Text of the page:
Just another example of how the GLS lives up to the company’s billing as the “S-Class of SUVs.”

What I liked about the 2021 Mercedes-AMG GLS 63: The bold, aggressive styling exudes a “no compromise” ambiance. It is every bit as powerful as the image it projects. Highway cruising is unbelievably smooth and quiet, and you won’t have an issues with taking advantage of the smallest break in traffic to scoot across an intersection. The roomy interior is stuff with high-grade materials as might be expected with a vehicle from the Mercedes shop. The back cargo area behind behind the third row is OK, but far back seats fold with the touch of a button to provide access to a wide, yawning stowage area.

What I didn’t like about the 2021 Mercedes-AMG GLS 63: It’s a bear to maneuver in crowded mall parking lots, but my real issue with the Mercedes-AMG GLS 63 (as it was with the Mercedes-AMG GLE 63 S I reviewed on May 19) is the MBUX infotainment system, especially the touchpad pad for selecting the desired feature. The small flat pad is simply in a bad spot and you can easily find yourself listening to a different audio station if your fingers brush it when you reach for something in the cupholders. Moving it to another location on the center console farther from the cupholders might help, but would not eliminate accidental touches entirely. They just would not occur as often.

Would I buy the 2021 Mercedes-AMG GLS 63? Probably not. The touchpad system is a deal breaker with me. You have other options for changing a function, but the real killer to me is the effect of accidental brushings to change modes on the screen.

Thursday, June 11, 2020


It was unveiled at the 1964 New York’s World Fair and made its movie debut the same year in the James Bond flick Goldfinger.

It appeared on the covers of Time and Newsweek and was featured in commercials that ran simultaneously on all three television networks the night before it went on sale.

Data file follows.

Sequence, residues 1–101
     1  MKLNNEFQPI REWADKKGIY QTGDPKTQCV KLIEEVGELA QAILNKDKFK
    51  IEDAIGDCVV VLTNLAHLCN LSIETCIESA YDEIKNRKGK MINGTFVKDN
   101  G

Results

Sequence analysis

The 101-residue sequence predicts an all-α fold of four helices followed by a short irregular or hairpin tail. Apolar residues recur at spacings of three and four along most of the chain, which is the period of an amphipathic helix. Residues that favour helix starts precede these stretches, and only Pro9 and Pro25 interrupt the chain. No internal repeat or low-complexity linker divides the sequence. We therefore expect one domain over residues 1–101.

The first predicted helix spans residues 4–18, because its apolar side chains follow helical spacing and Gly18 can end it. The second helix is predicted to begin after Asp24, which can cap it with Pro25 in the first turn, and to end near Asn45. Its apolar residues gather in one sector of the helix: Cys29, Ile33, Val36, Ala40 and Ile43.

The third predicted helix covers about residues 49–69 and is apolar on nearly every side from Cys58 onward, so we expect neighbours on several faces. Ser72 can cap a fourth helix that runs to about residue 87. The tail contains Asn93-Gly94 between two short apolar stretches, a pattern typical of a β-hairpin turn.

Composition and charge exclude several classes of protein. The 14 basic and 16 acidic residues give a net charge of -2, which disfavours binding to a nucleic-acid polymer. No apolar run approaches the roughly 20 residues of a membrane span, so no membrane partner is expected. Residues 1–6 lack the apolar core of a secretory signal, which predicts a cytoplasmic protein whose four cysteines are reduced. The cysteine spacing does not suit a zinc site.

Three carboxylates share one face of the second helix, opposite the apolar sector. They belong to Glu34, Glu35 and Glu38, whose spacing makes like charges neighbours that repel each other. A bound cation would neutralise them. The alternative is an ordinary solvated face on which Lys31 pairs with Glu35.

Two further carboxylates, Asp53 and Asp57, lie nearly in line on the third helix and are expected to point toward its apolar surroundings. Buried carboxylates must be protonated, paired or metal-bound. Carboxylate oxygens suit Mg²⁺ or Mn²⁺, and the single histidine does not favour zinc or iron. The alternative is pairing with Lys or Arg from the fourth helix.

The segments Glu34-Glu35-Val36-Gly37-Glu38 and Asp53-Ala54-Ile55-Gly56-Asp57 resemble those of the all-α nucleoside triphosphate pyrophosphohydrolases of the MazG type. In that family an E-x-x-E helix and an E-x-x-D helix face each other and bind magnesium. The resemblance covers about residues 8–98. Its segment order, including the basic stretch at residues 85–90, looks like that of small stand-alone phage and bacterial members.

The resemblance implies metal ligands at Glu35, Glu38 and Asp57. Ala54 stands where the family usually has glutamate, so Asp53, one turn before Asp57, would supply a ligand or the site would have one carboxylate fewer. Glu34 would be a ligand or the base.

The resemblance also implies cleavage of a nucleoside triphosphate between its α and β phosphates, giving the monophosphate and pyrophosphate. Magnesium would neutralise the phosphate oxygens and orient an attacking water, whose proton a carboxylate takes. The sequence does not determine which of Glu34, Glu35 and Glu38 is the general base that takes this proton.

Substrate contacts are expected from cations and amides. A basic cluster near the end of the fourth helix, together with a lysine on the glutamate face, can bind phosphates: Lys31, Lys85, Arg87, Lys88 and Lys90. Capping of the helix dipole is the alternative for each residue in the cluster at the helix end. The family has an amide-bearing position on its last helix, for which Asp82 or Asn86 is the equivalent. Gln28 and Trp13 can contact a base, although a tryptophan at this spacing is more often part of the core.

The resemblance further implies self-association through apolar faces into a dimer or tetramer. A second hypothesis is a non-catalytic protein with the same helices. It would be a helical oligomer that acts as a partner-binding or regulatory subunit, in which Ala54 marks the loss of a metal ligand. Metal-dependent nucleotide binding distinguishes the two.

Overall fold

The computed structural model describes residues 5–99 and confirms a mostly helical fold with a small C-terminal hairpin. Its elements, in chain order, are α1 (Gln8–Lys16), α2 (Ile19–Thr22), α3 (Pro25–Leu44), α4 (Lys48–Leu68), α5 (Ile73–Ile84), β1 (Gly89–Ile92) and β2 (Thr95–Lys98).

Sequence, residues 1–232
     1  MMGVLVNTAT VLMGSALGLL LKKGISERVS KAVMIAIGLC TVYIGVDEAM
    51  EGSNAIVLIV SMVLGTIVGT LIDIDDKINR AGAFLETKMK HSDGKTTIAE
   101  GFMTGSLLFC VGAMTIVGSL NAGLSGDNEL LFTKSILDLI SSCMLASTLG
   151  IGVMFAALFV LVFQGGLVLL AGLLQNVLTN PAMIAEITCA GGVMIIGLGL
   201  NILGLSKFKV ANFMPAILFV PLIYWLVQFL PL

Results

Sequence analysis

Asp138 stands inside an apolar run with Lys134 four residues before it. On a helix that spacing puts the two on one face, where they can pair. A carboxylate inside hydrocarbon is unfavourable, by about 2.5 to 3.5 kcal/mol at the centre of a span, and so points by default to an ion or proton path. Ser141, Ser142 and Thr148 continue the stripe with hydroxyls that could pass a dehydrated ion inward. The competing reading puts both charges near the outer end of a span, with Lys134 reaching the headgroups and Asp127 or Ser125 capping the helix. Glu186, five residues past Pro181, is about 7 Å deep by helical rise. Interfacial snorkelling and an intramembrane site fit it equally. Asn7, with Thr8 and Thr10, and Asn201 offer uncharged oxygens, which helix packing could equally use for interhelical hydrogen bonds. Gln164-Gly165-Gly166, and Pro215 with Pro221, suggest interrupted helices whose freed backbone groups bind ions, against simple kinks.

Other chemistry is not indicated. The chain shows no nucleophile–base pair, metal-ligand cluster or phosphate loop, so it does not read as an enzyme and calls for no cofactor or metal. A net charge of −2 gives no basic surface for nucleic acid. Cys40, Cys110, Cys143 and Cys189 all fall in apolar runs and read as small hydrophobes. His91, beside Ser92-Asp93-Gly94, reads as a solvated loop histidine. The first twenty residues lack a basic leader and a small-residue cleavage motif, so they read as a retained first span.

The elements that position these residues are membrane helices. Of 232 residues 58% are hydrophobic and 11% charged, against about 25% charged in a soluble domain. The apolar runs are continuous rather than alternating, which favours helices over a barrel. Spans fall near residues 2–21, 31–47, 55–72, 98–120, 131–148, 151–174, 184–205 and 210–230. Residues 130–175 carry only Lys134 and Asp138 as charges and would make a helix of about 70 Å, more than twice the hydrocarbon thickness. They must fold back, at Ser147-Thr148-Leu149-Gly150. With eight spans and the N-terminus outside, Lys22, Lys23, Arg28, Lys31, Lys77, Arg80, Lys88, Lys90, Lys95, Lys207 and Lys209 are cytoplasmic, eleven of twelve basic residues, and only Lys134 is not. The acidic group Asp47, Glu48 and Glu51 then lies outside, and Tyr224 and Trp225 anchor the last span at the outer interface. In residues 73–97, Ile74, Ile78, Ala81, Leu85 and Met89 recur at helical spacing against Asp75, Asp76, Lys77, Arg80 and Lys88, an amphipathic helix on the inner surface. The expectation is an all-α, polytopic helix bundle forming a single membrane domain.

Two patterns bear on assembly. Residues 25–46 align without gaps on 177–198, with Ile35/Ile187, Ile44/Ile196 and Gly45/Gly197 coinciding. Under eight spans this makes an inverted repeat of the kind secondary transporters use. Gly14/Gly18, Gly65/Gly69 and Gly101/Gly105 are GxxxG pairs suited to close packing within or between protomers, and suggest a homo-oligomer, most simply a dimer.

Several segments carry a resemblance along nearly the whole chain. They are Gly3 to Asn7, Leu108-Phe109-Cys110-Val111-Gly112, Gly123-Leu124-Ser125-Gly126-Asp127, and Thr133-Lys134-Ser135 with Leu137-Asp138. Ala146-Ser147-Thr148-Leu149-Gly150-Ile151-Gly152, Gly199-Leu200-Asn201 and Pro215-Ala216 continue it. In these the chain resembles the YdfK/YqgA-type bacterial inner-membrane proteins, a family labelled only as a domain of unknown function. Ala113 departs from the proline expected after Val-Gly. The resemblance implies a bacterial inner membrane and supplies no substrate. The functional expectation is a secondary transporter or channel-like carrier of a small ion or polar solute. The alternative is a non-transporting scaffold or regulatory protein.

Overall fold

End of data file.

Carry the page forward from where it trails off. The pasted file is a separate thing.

Almost 22,000 were sold the first day and over 400,000 in its first year, about four times what was expected, and hit the million mark in production just two years after being launched.

We’re talking here about the Ford Mustang, of course, which at 56 years old retains all the vibrancy and energy of a 20-something halfway through a case of Red Bull.

Even with COVID-19 fears slowing auto sales, the Mustang still came through with positive numbers for the first quarter of 2020. Ford, which suffered a decrease of 13.2 percent in sales for its fleet overall and a dip of 37.6 percent for its cars, reported an increase of 6.8 percent to 18,069 vehicles for the Mustang in the first three months of this year.

Apparently, though at one point in its over five-decade history the Mustang seemed to be slipping with blah styling overall and a lifeless 4-cylinder as a base engine, that is no longer the case. The 2020 model very much lives up to the Mustang’s glorious past in both its retro styling and upgraded performance.

Ford has added a new High Performance Package to its Ecoboost models that boosts power for the turbocharged 4-cylinder engine to 330 horsepower and 350 pound-feet of torque, which the company claims makes it the “most powerful four-cylinder sports car by an American automaker.”